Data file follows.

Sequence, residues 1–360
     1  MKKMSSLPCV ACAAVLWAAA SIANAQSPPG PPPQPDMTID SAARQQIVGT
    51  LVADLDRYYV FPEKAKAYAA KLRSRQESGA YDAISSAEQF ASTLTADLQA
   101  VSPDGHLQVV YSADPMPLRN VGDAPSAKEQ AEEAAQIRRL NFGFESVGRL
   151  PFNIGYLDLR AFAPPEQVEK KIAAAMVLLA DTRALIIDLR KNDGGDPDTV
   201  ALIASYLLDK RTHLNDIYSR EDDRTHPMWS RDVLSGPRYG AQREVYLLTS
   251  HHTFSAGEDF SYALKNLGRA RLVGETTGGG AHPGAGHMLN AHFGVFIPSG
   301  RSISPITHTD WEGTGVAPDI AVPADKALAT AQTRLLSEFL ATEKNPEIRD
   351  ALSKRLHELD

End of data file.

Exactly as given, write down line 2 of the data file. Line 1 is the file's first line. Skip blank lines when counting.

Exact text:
     1  MKKMSSLPCV ACAAVLWAAA SIANAQSPPG PPPQPDMTID SAARQQIVGT